Helping retired and retiring clients make decisions about their money and managing their investment assets can be quite challenging, to say the least. Fortunately, we have a number of studies that help us frame the issue of a portfolio's sustainability. I have found the work of Bill Bengen, Michael Kitces and Jon Guyton to be particularly helpful. Unfortunately, a client's actual experience in retirement is likely to be vastly different from what we simulate during the planning process. Life happens and reality conflicts with theory. Even if life events bring no surprises, good or bad, managing financial investment decisions can still offer challenges.
A simple tax-related example of this is the hypothetical scenario of two people, Tom and Jerry, both age 65 retiring on the same day with exactly the same family and health profiles. Both have $1 million of investment assets and need an additional $40,000 annually to meet their spending needs. Each has the experience, temperament and tolerance for risk to handle a balanced portfolio. Tom, however, has all of his million dollars in a taxable brokerage account while Jerry has all of his in an IRA funded entirely with pretax contributions.
Because of the role of taxes, their prospects for a sustainable portfolio are quite different. Most planners would not be particularly concerned about Tom's ability to sustain $40,000 annually in additional expenditures because his withdrawal rate would not need to be much more than 4% in order to accommodate the taxes. Tom may not be able to avoid entirely current taxation on ordinary income items in his portfolio, but he is able to benefit from lower rates applied to long-term capital gains and zero taxation on basis.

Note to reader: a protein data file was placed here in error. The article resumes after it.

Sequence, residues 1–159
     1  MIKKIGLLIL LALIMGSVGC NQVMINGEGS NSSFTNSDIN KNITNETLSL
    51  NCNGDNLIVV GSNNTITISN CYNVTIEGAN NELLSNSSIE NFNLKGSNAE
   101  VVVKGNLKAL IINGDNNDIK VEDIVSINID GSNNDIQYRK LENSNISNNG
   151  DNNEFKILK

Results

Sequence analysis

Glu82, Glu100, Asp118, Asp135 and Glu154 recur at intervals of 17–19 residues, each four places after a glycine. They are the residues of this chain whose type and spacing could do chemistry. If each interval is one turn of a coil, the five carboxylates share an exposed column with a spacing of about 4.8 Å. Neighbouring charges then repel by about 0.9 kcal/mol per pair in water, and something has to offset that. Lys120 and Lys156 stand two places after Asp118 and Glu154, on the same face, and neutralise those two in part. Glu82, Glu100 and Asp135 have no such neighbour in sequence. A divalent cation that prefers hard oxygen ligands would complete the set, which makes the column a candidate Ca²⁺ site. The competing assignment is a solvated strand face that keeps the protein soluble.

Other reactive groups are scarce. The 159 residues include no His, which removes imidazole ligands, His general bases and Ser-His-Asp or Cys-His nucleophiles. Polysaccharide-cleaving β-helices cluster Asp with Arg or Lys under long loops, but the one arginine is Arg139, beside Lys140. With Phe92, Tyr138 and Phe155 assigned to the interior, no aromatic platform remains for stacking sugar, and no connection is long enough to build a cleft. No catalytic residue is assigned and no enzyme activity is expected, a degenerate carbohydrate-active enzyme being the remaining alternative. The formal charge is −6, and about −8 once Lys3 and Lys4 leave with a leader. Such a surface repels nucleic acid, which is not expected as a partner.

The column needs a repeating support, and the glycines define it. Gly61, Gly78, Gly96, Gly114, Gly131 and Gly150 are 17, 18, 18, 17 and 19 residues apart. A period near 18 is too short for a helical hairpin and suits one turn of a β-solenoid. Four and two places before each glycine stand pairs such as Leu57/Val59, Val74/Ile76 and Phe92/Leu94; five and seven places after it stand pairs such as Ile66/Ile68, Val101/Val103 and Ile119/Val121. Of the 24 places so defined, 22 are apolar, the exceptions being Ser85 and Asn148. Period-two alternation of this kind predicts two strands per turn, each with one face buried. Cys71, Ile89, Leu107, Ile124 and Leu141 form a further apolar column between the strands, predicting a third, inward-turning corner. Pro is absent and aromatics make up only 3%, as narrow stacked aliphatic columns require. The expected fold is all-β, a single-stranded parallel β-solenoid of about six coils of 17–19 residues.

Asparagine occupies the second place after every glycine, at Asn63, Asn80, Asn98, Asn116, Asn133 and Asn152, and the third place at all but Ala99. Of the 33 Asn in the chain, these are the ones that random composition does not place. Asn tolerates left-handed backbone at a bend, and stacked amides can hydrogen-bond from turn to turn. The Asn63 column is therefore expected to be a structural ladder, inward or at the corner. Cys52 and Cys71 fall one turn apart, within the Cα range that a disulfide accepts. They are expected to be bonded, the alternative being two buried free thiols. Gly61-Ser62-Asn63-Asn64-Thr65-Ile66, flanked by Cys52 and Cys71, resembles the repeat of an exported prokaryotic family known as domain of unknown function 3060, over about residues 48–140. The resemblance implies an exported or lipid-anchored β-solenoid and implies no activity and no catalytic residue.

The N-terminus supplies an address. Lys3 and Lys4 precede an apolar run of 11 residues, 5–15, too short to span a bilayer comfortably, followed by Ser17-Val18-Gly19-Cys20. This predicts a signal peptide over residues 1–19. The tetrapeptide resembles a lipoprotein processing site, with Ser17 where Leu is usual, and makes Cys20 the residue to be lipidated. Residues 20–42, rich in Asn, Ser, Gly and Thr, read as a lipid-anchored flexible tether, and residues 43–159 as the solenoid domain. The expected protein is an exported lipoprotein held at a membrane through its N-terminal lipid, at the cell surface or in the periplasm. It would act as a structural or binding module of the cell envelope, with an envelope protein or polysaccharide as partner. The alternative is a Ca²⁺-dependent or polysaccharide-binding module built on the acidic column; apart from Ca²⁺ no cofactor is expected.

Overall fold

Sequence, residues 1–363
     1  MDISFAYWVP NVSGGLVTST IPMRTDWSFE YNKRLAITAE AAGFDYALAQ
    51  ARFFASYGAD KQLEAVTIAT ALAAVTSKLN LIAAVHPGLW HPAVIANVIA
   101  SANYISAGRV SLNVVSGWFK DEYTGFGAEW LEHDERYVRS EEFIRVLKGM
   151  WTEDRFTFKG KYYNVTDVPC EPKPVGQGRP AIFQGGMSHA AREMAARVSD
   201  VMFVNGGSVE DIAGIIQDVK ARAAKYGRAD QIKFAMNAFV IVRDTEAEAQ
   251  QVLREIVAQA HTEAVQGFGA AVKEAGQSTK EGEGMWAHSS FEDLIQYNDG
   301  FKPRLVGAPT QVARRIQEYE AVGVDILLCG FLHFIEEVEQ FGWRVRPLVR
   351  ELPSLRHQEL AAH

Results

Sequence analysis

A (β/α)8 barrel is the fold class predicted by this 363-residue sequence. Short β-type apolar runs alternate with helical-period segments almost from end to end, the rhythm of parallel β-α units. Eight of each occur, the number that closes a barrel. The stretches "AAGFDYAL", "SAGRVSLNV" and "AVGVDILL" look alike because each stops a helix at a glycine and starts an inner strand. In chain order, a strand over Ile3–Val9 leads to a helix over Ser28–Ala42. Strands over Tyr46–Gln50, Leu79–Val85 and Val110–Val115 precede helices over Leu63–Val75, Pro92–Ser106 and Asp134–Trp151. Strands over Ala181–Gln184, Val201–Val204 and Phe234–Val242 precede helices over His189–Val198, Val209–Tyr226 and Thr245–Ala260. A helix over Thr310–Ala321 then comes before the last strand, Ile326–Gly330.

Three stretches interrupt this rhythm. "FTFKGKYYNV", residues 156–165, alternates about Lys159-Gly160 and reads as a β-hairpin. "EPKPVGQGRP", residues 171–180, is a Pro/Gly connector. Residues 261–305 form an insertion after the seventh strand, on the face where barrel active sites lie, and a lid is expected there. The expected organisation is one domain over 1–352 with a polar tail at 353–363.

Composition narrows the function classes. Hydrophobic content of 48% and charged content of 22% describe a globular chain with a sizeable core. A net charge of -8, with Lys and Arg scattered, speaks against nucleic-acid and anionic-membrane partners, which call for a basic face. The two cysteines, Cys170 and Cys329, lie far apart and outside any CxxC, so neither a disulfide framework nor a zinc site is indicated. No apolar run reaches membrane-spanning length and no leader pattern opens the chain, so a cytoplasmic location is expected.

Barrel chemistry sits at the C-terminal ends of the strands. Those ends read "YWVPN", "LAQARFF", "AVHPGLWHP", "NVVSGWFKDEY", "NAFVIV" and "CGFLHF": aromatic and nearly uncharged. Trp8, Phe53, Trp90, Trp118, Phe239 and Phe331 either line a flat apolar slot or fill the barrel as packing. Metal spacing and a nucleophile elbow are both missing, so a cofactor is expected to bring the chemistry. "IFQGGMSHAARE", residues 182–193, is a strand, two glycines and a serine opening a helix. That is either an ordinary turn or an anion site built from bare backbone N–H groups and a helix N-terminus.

Jerry on the other hand, must incur taxable income at ordinary income tax rates on every dime he removes from his IRA. This could be a monstrous difference. Even if his marginal federal rate is just 15%, he must remove almost 18% more than he needs to cover the taxes. At a 35% tax rate, Jerry needs to remove almost 54% more, $61,538.46, in order to have $40,000 to spend. That would be a 6.15% withdrawal rate, pushing, if not exceeding, the higher limits of the ranges cited in most sustainability studies. Said another way, if Jerry lives in a state with no income tax, he needs $1,538,461.54 in order to get his withdrawal rate to the oft-cited 4%.
While true that it is easier to accumulate $1.5 million when the client gets a tax deduction for his contributions, pays no tax on interest, dividends, or capital gains, and possibly gets matching money from his employer, it is also true that in retirement a dollar in an IRA is worth less than a dollar in a taxable account. Of course, most clients have both retirement accounts and taxable accounts, which can make tax management interesting.